4. an ability to recognize ethical and professional responsibilities in engineering situations and make informed judgments, which must consider the impact of engineering solutions in global, economic, environmental, and societal contexts.
  5. an ability to function effectively on a team whose members together provide leadership, create a collaborative and inclusive environment, establish goals, plan tasks, and meet objectives.
  6. an ability to develop and conduct appropriate experimentation, analyze and interpret data, and use engineering judgment to draw conclusions.
  7. an ability to acquire and apply new knowledge as needed, using appropriate learning strategies.

Engineering Physics Faculty

David Mueller, Assistant Dean for Graduate Programs and Associate Professor of Electrical and Computer Engineering, 2015, BS Electrical and Computer Engineering, 2006; MS Electrical Engineering, 2008; PhD Electrical and Computer Engineering, 2015, University of Missouri - Columbia. Semiconductor devices, Optical electronics, Computational intelligence, Robotics, Device simulation, Photovoltaics, Renewable energy, Device fabrication and characterization.

Vivek Pallipuram, Chair of MS Engineering and Assistant Professor of Electrical and Computer Engineering, 2015, BS National Institute of Technology, Tiruchirapalli, India 2008; MS Computer Engineering, Clemson University, 2010; PhD Computer Engineering, Clemson University, 2013. Computer architecture, High performance computing, Cloud computing, Machine learning, Statistics, & Digital signal processing.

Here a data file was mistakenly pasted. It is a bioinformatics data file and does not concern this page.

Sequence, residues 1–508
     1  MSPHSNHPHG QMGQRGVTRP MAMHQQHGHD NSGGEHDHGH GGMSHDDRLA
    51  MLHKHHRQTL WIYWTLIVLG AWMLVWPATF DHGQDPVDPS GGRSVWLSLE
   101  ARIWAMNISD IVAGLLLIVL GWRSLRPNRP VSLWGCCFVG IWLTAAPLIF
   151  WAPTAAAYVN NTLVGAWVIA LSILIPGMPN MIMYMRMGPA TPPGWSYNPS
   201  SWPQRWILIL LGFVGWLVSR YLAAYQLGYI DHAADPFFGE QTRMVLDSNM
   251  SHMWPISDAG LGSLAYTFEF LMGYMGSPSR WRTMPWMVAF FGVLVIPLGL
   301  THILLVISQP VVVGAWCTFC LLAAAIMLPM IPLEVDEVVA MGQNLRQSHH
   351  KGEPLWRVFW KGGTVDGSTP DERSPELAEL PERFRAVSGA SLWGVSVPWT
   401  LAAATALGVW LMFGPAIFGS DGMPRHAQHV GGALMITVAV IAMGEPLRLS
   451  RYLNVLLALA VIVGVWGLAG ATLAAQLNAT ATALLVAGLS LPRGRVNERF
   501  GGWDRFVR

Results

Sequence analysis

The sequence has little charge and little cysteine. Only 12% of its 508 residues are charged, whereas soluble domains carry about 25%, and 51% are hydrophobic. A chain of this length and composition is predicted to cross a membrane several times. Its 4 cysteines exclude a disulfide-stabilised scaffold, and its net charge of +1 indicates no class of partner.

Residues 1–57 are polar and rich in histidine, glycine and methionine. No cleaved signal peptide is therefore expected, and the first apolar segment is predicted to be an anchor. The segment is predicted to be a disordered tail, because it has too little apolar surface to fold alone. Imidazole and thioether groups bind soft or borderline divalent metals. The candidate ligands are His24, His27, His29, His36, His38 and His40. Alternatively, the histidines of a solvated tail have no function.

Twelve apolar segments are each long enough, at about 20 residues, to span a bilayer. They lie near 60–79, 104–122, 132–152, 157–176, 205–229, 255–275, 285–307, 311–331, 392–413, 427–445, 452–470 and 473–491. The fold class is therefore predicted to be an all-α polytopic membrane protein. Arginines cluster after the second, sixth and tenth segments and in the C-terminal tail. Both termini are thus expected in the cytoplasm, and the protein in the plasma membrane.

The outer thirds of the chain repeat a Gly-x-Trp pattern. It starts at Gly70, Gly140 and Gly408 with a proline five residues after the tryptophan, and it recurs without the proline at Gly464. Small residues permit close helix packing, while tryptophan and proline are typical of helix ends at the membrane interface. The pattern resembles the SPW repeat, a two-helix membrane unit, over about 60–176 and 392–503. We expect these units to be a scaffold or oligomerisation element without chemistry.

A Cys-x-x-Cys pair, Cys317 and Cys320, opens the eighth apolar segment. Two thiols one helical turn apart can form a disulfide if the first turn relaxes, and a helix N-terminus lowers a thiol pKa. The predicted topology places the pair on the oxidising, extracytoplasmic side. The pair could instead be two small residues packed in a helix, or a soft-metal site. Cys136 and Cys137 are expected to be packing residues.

Jeffrey Shafer, Chair of Computer Engineering, Electrical Engineering, and Engineering Physics, Chair of MS in Cybersecurity and Associate Professor of Electrical and Computer Engineering, 2010, BS, Computer Engineering, University of Dayton, 2002; MS, Electrical Engineering, University of Dayton, 2004; PhD, Electrical and Computer Engineering, Rice University, 2010; Computer architecture, Network systems architecture, Data-intensive computing, Cloud computing, Virtualization.

Rahim Khoie, Professor of Electrical and Computer Engineering, 2002, BSEE, 1977, Abadan Institute of Technology, Abadan, Iran; MS, 1980, University of Pittsburgh; PhD, 1986, University of Pittsburgh. High speed electron devices, Quantum effect devices, Solid state physics, Renewable energy, Analog and digital electronics, and Embedded Systems.

Dongbin Lee, Assistant Professor of Electrical and Computer Engineering, 2022, BS in Electrical and Computer Engineering, KwangWoon University, 1992; MS in Robotics, KwangWoon University, 2000; PhD in Robotics & Intelligent Program, Clemson University, 2009; Mobile robotics, industrial robotics, embedded systems, telematics, AI.

Cherian Mathews, Professor of Electrical and Computer Engineering, 2005, BE in Electrical Engineering, Anna University, Chennai, India, 1987; MS in Electrical Engineering, Purdue University, 1989; PhD in Electrical Engineering, Purdue University, 1993; Statistical signal processing, Array signal processing, Real-time digital signal processing using DSP processors, power systems.